In 2001 Joel Sternfeld published Walking the High Line, a photographic study of a derelict elevated railway that runs for a mile and a third along the western edge of New York. Abandoned in the late 1970s, the High Line hovers two storeys above the city, a forgotten commercial conduit: a metallic appendix long bypassed. Every spring, however, the High Line comes back to life, host to an astonishing variety of plant life, a bucolic ribbon fluttering across the city. Sternfeld photographed its eight acres of surreal parkland over the course of a year, documenting its secret snaking through a hinterland of warehouses, apartment buildings and blaring billboards. The project reveals an undergrowth of tangled dichotomies that flourish in Sternfeld's work, not least the easy oppositions of nature and culture, rus and urbe, of which he is keenly aware: 'it gets a little obvious, you know, this world against this. A little too on the nose.'
Sternfeld walks the line, glides in airy pastoral above New York, trailing memories of other confusions of countryside and metropolis. From William Wordsworth and Charles Baudelaire through Walter Benjamin and the Surrealists to the Situationist dérive, a determined post-Romantic tradition trudges city streets and refashions the urban as rural. The works collected for this show, drawn from American Prospects (1987) and Stranger Passing (2001) (respectively, though inadequately, 'landscapes' and 'portraits'), mine another, American, inheritance, but are similarly unwilling to see the boundaries between traditional categories as anything other than territories in themselves: new spaces for a (potentially) democratic vision of America. In a sense there is a recognizable American Sublime at work here, but it is less Ansel Adams' monumentalism (weighed down with 18th-century notions of discovery, of vistas) than the Sublime of Mark Twain or Jack Kerouac: a walker's Sublime (which is also that of Walker Evans).
American Prospects is a wandering work (eight years across the USA in a camper van): a collection not of landscapes but simply, though ravishingly, of land. A previously unshown photograph, Alaska, 1984, depicts a yard full of gutted cars and trucks, machinery in various stages of repair and disarray, against a forested background. The tenuous balance of nature and culture is decidedly in place, but it is the ground that demands attention: an admixture of stone and soil that is barely a road. There is something insistent about the way this sort of surface reappears in Sternfeld's landscapes. It is there again in Exhausted Renegade Elephant, Woodland, Washington, June 1979; the collapsed animal and a gaggle of pursuers seem the merest (if dramatic) excuse for a richly detailed study of road surface, field edge and carefully stacked lumber.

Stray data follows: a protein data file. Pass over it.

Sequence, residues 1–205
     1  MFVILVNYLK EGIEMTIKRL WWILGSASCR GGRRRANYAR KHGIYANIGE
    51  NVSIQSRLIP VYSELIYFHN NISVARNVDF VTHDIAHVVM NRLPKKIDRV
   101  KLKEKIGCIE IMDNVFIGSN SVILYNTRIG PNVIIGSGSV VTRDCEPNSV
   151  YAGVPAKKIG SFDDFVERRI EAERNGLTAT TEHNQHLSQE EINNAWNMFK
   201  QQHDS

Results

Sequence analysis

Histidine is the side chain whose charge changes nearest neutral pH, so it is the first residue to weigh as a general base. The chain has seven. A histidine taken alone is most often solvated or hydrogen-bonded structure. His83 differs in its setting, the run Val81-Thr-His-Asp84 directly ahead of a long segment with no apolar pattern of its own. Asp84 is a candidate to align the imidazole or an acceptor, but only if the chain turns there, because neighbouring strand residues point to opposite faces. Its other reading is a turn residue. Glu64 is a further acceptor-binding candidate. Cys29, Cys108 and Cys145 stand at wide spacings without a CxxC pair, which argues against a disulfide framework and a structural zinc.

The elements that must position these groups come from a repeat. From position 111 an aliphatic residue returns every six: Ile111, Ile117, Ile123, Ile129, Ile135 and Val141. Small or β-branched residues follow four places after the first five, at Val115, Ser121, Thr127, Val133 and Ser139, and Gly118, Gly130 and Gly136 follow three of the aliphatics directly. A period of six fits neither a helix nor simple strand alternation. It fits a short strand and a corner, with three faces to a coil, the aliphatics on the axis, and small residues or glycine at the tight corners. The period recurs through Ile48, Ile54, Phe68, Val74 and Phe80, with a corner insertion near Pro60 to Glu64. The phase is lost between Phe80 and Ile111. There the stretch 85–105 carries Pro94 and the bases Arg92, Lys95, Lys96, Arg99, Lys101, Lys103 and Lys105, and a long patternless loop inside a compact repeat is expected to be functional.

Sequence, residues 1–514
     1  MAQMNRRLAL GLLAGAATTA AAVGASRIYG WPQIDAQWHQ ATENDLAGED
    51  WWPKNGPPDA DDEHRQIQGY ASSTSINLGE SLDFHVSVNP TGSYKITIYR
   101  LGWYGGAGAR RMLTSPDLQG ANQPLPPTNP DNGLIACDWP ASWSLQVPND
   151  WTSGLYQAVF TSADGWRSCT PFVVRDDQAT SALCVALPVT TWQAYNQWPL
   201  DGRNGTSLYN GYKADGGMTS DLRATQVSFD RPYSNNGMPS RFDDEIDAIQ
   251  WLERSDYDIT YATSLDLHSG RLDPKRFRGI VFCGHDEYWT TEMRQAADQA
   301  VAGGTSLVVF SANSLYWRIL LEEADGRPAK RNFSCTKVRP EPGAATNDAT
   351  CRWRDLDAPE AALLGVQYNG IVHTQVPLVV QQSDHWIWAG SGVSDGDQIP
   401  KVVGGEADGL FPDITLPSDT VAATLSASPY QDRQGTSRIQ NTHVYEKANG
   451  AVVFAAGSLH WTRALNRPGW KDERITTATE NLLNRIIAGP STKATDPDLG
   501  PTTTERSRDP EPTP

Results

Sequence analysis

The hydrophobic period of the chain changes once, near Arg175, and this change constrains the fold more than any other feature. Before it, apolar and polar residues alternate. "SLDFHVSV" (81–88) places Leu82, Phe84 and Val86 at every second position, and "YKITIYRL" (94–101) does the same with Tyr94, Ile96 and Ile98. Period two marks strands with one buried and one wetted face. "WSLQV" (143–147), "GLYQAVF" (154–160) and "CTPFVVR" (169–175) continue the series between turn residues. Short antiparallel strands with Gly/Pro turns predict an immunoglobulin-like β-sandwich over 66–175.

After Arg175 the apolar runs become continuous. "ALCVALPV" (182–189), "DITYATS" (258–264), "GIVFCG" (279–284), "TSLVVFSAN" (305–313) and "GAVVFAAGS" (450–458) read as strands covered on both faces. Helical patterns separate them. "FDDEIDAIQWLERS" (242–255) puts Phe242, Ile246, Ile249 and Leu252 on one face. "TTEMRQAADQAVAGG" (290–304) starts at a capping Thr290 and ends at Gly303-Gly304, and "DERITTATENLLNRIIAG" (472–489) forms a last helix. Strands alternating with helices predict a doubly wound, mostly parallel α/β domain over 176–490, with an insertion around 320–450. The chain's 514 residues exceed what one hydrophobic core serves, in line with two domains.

Some images propose a more straightforwardly readable scenography. McLean, Virginia, December 1978 is like something Jeff Wall would spend six months choreographing: a burning house with attendant fire engine; in the foreground, at the McLean Farm Market, a fireman nonchalantly buys a pumpkin (it turns out he's the fire chief, wandering away from an exercise, not an emergency). In the Wet'n'Wild Aquatic Theme Park, Orlando, Florida, September 1980 holiday-makers lounge about, frolic in the fake waves, ascend a towering slide, all apparently oblivious to the extraordinary multi-greyed cloudscape that looms above them: the natural sublime rendered oddly invisible, failing to compete with the advertised Aqualympics.
In his essay on 'Nature' (1844) Ralph Waldo Emerson wrote that 'the beauty of nature must always seem unreal and mocking, until the landscape has human figures, that are as good as itself'. Sternfeld's portraits seem to be in search of such figures. They suggest an obvious antecedent in August Sander's taxonomy of the 'People of the Twentieth Century' (begun in the 1920s): a democratic typology of bankers, web designers, hitch-hikers and the homeless, uniformly distant from the camera, addressing the photographer in a fragile effort to appear themselves, to assume their proper natures. The scenery, it seems, has other ideas. Most dramatically, A Man on the Banks of the Mississippi, Baton Rouge, Louisiana, August 1985 stands in front of an expanse of trees and water, and seems to drift free of it like a sitter before a 19th-century studio backdrop, shuttling theatrically between proprietor and pioneer, between homeland and frontier. Sternfeld's subjects inhabit spaces that are both theirs and not theirs, that are simultaneously there and not there (just as their assumed characters are real and unreal, subject to slippage back to nature). Like walkers in the floating garden of the High Line, they are fortunate to find themselves here, for once, in the right place.